A Knoxville Remembrance Sparked by Agee

James Agee and “Knoxville: Summer, 1915”

I have always felt a special connection with Agee, not just because I admire his now-seldom-read maximalist prose, but because he grew up on Highland Avenue in Knoxville, where I lived for a couple of years while my father was in graduate school and where my mother’s mother lived when she was growing up. ...

My mother also told me that her mother had lived on Highland Avenue as a girl, and when I later became aware of James Agee’s growing up there, I wondered if they had ever met. Agee was a bit younger than my grandmother, and the Avenue is a longish street, so the answer is probably no. But as I read A Death in the Family, I felt certain that the childhood Agee described was very near to the one my grandmother experienced. He mentioned Laurel Avenue, he mentioned Miller’s Department Store—and so had my grandmother. And those places really existed and were still extant during my teenage years.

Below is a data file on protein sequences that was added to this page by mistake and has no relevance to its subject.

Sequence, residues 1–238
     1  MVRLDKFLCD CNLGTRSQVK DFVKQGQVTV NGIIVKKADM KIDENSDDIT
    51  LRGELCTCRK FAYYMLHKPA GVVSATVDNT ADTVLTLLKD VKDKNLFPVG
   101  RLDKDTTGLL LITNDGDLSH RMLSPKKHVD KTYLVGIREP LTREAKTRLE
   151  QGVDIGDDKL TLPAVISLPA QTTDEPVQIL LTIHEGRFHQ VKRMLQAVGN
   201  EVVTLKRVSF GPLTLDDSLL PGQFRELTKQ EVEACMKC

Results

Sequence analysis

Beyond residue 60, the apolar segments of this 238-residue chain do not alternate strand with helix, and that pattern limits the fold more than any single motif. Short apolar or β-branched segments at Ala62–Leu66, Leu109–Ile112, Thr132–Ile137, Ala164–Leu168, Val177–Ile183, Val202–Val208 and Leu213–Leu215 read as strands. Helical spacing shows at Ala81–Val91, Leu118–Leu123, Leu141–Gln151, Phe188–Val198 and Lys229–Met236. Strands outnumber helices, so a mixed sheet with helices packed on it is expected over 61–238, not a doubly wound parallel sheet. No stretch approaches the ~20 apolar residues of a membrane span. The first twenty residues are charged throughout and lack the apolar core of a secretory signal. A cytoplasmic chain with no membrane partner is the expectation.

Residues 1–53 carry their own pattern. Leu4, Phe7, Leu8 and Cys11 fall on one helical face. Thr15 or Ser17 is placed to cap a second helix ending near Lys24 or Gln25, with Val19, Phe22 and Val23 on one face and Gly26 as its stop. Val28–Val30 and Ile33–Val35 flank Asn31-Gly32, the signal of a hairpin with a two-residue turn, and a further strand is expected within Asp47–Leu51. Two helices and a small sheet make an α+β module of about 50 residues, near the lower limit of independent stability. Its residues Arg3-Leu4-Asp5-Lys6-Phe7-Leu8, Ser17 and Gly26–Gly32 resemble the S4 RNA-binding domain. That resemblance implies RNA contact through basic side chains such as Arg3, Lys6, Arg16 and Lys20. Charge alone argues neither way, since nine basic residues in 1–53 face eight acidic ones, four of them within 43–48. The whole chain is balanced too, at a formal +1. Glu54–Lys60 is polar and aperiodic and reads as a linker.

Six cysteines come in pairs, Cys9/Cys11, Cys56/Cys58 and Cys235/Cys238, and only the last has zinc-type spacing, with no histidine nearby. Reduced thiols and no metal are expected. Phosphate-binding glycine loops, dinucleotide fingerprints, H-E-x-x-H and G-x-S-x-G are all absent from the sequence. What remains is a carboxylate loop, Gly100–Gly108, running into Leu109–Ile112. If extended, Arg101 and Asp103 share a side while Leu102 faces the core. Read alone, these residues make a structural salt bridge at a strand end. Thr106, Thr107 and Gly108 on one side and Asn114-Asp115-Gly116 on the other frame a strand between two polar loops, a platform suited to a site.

Miller’s has by now been bought out, and the neighborhood that once housed families has largely been bull-dozed to make way for hospitals, doctors’ offices, businesses, and university buildings. There are a few pockets preserved, but it is a changed landscape. ...

—Lisa Roney, joyouscrybaby.com, Dec. 1, 2011

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